The family flew out of Minneapolis with another Make-A-Wish family from Wisconsin. They stayed in the Give Kids the World Village, a 70-acre nonprofit storybook resort, complete with bedrooms, laundry, food service, a 24-hour ice cream store and Disney characters who came for visits.

One of Anna's favorite memories was the ice cream shop, while Claire loved meeting the characters.

The ride "Soarin'" was Claire's favorite.

"It would spray water as you went over the ocean -- it was really neat," Amy added.

"One time, this man said he could read your mind," Anna remembers. "He read my mind and drew it on paper -- it actually was ice cream."

One of Jevon's favorite activities was making a Star Wars light sword.

For the parents, it was watching their children have a good time.

"Everybody gets to act like a kid and forget about everything," Amy said.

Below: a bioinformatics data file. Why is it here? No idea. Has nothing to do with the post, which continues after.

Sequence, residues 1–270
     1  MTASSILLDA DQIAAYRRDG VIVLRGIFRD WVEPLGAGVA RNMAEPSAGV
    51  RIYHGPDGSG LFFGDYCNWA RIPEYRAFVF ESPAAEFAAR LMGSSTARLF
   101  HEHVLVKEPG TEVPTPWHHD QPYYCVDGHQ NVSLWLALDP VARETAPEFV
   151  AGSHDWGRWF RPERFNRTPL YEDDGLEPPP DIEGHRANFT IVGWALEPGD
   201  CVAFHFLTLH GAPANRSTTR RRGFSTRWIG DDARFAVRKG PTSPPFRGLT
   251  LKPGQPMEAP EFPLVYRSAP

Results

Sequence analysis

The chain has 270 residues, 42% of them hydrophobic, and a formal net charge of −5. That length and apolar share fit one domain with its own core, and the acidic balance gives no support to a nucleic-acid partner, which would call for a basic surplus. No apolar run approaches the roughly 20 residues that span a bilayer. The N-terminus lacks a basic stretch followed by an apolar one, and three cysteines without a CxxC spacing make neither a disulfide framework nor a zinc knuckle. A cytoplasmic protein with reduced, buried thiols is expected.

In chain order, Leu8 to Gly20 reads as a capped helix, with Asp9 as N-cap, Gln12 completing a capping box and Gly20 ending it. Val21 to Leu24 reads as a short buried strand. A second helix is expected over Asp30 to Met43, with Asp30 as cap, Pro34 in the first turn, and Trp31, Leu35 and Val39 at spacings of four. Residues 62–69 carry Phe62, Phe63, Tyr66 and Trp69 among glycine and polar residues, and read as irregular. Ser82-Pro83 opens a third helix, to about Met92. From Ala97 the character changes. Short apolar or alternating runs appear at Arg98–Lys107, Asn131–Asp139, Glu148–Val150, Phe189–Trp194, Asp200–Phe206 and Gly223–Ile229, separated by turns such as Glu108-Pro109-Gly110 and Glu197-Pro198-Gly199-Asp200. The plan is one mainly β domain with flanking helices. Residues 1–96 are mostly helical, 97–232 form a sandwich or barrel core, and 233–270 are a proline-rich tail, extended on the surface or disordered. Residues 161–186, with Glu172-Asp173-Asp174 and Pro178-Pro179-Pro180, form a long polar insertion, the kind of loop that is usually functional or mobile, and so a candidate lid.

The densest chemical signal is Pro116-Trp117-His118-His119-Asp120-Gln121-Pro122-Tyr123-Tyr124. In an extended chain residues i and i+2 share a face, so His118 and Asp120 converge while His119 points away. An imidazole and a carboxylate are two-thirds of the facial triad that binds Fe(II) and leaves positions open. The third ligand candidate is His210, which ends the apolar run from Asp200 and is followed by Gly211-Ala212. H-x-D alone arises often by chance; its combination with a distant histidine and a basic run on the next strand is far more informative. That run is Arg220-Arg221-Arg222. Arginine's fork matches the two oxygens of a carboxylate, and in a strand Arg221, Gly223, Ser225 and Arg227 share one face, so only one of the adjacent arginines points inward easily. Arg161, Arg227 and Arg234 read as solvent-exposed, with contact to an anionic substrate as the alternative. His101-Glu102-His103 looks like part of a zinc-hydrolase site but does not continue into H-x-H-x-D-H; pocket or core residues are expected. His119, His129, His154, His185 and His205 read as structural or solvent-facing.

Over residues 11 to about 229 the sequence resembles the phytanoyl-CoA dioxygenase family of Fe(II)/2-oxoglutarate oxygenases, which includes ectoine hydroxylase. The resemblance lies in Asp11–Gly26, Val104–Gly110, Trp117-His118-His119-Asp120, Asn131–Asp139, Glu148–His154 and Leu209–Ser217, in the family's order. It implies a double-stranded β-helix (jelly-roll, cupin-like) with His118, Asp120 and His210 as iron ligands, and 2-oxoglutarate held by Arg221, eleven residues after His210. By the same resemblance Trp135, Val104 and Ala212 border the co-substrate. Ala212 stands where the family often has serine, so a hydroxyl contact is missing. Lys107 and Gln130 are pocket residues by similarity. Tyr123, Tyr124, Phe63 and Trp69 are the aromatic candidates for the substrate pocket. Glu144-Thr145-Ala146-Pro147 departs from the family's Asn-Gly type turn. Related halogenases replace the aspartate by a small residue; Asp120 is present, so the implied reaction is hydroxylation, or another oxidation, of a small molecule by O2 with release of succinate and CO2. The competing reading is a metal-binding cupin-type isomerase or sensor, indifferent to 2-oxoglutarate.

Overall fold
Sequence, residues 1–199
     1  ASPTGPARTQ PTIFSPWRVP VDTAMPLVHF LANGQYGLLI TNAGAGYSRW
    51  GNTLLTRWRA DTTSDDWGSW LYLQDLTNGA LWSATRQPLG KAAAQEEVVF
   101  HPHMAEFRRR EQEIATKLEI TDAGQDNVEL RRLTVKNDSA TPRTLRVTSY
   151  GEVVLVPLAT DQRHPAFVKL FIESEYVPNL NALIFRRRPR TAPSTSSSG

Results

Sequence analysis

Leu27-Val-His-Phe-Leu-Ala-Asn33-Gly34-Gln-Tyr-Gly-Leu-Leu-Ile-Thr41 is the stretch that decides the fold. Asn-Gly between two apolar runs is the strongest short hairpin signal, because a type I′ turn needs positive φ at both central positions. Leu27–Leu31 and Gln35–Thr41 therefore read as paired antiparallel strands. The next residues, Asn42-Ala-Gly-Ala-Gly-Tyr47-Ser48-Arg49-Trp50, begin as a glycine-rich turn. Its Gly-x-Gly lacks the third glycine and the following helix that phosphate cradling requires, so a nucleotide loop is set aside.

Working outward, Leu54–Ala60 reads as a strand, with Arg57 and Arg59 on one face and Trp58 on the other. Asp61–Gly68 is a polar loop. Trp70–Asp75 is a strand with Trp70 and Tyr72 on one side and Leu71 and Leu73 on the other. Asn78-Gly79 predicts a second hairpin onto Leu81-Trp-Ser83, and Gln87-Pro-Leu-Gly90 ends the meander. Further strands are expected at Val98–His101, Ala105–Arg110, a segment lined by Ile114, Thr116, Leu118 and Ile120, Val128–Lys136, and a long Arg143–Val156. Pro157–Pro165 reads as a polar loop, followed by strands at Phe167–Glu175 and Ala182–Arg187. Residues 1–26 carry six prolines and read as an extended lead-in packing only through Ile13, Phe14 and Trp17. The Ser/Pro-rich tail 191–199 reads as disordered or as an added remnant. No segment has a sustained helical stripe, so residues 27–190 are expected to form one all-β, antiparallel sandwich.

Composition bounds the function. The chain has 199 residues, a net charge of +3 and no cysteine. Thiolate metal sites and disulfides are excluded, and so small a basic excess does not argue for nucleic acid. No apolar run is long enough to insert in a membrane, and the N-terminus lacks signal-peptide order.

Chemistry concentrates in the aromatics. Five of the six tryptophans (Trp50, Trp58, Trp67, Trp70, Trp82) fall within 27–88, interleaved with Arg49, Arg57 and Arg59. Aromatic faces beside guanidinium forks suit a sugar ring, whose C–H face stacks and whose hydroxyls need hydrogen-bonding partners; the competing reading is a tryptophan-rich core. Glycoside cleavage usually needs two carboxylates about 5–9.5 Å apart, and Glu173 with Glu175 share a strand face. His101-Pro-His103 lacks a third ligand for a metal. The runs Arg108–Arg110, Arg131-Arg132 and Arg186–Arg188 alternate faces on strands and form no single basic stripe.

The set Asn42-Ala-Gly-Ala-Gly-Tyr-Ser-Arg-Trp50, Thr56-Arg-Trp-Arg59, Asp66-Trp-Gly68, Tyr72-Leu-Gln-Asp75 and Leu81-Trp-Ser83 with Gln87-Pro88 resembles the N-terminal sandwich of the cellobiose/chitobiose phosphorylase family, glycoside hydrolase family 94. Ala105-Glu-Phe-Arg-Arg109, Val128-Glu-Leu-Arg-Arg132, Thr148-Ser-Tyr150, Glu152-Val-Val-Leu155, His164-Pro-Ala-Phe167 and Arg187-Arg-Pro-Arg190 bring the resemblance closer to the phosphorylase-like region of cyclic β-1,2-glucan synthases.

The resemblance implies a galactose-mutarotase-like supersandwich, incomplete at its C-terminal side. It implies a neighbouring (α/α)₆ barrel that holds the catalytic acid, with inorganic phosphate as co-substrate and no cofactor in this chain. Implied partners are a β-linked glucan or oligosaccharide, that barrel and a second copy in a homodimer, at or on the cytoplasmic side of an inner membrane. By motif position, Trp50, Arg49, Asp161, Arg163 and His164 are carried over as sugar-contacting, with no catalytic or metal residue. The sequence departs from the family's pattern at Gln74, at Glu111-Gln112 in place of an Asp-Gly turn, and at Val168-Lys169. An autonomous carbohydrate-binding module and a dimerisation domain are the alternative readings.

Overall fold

They were given Make-A-Wish passes, which are even better than fast passes, Amy said.

"The parks were filled to capacity; and with our passes, we'd get to the front every time," she added.

The Kreidts live 15 miles north and east of Dickinson. Tim is an instructor and athletic trainer at Dickinson State University while Amy is nursing director at the Sanford Clinic.

Reflecting on the trip, Amy said, "We were shocked at how organized and how well everything is coordinated by Make-A-Wish. You don't realize how many people are involved with their time and money -- all the volunteers from here to greeting us at the airport."

The girls are looking forward to the benefit, with its silent auction, dinner and dancing.